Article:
December 15th, 2011

Making a carnival wheel digital

A recent project of ours had us devise a very clever method of digitally tracking the position of a carnival wheel. Most of you out there probably aren’t making carnival wheels on a regular basis nor are you often looking to digitally track the position of one, but we were so proud of the method we came up with that we thought it may be worth sharing with the tinkerer community. This does work with a carnival wheel but can also be applied to other spinning objects that need to be tracked.

The general method is to create a binary code on the back of each wheel wedge using retro-reflective tape along with a corresponding photoelectric sensor for each binary digit required.

For our install, we used 3M conspicuity tape, also known as retro-reflective tape, and three AutomationDirect DM series polarized reflective photoelectric sensors. One sensor for each binary digit, or band of tape. With three sensors we are able to have eight unique wedges of the wheel. Why eight? Well, the highest number we can achieve with 3 bits is 7 (0b111, or 2^2 + 2^1 + 2^0 = 7) and if we include 0 (0b000), then we can have a total of eight unique wedges. With this configuration, you can have as many wedges as you’d like as long as they fit on your wheel, but they must be a permutation of your eight unique ones. If you need more unique wedges, simply add an additional sensor and band of tape for each binary digit required. Four bands of tape will give you 16 unique wedges, five bands of tape will give you 32 unique wedges, and so on.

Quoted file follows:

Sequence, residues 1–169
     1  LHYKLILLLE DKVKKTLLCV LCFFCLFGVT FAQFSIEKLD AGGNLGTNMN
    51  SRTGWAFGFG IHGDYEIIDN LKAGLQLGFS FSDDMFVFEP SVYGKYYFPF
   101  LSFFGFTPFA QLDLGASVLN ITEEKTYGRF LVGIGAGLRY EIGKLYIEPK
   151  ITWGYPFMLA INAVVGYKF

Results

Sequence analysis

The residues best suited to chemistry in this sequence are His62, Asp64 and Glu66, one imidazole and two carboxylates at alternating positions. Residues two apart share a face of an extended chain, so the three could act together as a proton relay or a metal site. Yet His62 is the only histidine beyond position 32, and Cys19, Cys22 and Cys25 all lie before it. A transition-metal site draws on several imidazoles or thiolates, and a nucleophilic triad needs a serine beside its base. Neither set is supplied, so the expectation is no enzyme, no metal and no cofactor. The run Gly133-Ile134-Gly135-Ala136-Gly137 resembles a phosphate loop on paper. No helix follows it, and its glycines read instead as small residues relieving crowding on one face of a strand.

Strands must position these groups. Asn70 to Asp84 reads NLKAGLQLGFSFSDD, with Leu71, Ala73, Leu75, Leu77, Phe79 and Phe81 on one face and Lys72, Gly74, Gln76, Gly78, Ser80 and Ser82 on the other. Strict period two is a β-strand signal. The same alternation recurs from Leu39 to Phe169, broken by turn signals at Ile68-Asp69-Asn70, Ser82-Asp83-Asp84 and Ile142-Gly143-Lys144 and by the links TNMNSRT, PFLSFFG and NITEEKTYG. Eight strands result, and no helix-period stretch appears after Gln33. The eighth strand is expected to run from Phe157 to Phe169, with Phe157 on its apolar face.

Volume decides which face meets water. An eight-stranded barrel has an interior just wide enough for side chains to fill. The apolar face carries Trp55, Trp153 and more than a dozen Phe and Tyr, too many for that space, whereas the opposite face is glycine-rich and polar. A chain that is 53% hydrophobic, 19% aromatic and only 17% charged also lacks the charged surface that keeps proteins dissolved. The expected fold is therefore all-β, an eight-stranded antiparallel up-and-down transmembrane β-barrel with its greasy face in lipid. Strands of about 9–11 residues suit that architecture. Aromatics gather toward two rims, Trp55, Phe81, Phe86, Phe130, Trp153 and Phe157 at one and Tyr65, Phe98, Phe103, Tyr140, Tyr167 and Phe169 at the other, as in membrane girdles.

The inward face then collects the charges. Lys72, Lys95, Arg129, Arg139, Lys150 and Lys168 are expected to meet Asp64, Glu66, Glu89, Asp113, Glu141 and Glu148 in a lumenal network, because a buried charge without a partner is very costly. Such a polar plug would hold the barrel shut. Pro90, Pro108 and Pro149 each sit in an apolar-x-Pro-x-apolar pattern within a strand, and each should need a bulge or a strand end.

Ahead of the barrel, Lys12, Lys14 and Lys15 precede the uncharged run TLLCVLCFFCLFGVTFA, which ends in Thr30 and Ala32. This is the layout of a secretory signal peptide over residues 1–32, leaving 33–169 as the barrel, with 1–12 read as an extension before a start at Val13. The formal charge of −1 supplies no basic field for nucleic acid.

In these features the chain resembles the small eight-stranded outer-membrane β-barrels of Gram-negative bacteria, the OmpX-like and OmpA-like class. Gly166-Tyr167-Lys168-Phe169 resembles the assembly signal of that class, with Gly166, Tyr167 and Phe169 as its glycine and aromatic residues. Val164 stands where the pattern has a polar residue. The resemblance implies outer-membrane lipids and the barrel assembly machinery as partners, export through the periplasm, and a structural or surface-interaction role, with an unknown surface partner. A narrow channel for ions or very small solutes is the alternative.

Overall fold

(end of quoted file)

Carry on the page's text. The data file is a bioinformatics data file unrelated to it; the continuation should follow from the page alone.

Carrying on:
Below is an image describing how you would use retro-reflective tape to define a binary code for the photoelectric sensors to read.

Note: It is very important to test your retro-reflective tape with your photoelectric sensors before any cutting or installing. Some tape reflects less light than others and will not work under less than ideal conditions!

The brain of the carnival wheel was a BrightSign HD410 solid state media player. Each photoelectric sensor was wired to the GPIO control port of the BrightSign using a breakout board from HMS Electronics and a custom script was written to play a specific video depending on the output of each sensor.

All in all, a clever way to track a traditional carnival wheel with all the image, music, and video capabilities of the robust BrightSign player!


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